SIHARAN CHESS by Simon JeppsThe Siharan Knight is notated with an 'S'. When entering one's Siharan Knight into the game, we first write the move of the piece first vacating its starting square, followed by a forward slash and then 'S'. For example, the very first move of a game could be notated 1. Nc3/S.

In the case of Castling, where there are TWO squares to choose from, the player would choose either the Rook or King square and write this O-O/SR for Rook or O-O/SK for King.

The Siharan Knight is pictured in diagrams as a regular Knight with a diamond about its chest ().

Figurines can of course be a myriad of designs, but the simplest idea which I have applied, is to glue a circular pedestal to an identical Knight's base to sit on. Mine are actually their opposite colours to give a two-tone prominence!


Many years ago at my local(ish) Chess club, I was introduced to a Chess Variant called Pocket Knight; a simple game where each player owns one extra Knight which they can 'drop' into the game at any time.

I was intrigued. Of course, it made perfect sense. Everyone loves their Knight and are saddened by its capture. Everyone also agrees, the modern game of Chess is imbalanced by too many sliding pieces compared to only the one leaper piece.

Likewise, as my younger studies would learn, the modern game is also imbalanced by too many colour-free pieces compared to only the one colour-bound piece.

Thus it has always been an idea of mine to create a new variant based on the same concept of Pocket Knight, but I have been simmering on its design for many years.

Aside from finding enjoyment in all my other games designs, I have always been undecided as to how the piece should move... "Well, like a Knight..?" Actually, no.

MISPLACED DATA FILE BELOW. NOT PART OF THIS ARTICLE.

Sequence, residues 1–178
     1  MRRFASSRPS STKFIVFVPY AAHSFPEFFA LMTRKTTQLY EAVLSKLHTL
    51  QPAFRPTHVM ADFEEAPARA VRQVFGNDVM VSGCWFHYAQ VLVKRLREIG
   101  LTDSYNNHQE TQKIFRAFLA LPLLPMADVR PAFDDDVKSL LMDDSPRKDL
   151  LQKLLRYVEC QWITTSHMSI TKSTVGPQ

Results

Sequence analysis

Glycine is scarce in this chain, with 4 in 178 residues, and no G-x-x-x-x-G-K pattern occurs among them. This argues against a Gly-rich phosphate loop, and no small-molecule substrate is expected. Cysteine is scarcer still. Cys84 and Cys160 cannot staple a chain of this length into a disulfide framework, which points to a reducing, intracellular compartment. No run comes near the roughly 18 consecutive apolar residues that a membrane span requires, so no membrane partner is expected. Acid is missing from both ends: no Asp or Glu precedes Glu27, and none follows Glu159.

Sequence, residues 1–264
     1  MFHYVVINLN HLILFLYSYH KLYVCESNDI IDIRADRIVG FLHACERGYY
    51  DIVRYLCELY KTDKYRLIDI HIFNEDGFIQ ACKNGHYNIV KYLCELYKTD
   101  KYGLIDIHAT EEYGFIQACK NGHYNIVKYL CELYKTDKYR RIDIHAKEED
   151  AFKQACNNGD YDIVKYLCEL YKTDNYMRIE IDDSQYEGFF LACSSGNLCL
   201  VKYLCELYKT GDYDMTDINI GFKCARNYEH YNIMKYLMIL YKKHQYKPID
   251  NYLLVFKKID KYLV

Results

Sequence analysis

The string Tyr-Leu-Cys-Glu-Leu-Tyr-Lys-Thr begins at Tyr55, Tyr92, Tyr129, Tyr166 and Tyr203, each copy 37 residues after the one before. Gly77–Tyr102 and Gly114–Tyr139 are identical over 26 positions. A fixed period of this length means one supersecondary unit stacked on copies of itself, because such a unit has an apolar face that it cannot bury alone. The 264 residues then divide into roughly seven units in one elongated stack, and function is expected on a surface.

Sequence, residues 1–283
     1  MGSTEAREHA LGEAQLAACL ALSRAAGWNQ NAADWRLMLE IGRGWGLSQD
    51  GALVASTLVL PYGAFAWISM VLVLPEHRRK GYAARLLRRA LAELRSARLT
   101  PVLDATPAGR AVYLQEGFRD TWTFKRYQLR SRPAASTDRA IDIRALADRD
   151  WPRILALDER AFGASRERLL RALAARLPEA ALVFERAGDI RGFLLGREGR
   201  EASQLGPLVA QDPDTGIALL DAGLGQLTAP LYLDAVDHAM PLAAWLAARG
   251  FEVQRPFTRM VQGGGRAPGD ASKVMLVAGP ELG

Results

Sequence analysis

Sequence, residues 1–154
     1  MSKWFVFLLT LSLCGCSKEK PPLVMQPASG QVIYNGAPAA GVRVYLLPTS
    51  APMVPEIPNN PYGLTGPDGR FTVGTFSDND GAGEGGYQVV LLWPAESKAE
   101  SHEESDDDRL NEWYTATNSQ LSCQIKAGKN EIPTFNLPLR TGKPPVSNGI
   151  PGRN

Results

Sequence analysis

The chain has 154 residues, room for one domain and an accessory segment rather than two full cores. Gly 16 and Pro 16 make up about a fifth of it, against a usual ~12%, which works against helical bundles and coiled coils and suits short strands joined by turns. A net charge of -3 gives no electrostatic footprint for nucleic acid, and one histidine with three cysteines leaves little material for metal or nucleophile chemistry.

I didn't want a third Knight and in truth I think many Chessicians would agree that a third Knight in the 64-square game is that all too familiar mathematical paradox of 'too much Knight whence too less Knight...' What are we to do instead?

Of course much of game design is going to be entirely based on the designer's personal desires and mine... Well, it was a Camel. Don't you just love Camels?

Whence studying my Camel I realised, as cool as it is, the piece is vulnerable to a locked position on the 64-square board, since due to its footprint only reaching a long distance and often beyond the board edge, it had no "close-hand" means of negotiating its way out of a routeless scenario.

Thus my Camel piece required I provide it a colour-bound means of evasion & some pattern-plan changeability without overpowering or over-confusing the opponent. The new piece had to maintain an easily identifiable projected footprint, just as all traditional pieces do, whilst at the same time allowing itself to deviate "classically" from a locked position.

Allowing an additional forward movement would deem it too dangerous, making easy capture of Rooks and deliverance of Check far too swift. So in the end I decided to give my piece a short-range, colour-bound horizontal leap. This sideway leap is just enough grace to grant it a mediating short-range adjustment to its projected footprint without spoiling the cleanly balanced logic of the game.

Furthermore, this finished design actually portrays perfectly the behaviour of a long-range horse and its swift sideward bolt unto safer terrain!

SIHARAN CHESS by Simon JeppsYou see, I wanted passionately a NEW piece, like a Knight but not a Knight and I wanted passionately to resurrect the ancient spirits of far-away lands, the people, their cultures and their joys, the legends and the treasures once lost unto the sands of time.

Herewith the Siharan Knight is not just a well designed Chess piece - it IS peace.

This is because it not only solves all the ailments of the dying 64-square game, but through the power of its command, delivers remedy to our everso beloved game as like a summoned doctor on horseback, crossing the desert to save the precious life of a most honoured sage.

Aye, this is not just Chess - this is a wizardry of love.

Thank you for reading.